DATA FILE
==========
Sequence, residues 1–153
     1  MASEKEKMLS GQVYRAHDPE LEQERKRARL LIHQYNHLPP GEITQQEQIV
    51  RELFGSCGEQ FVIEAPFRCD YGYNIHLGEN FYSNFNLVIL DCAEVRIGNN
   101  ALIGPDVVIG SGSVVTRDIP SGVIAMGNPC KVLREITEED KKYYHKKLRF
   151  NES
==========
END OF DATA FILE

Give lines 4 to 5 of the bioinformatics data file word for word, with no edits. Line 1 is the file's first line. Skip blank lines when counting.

   101  ALIGPDVVIG SGSVVTRDIP SGVIAMGNPC KVLREITEED KKYYHKKLRF
   151  NES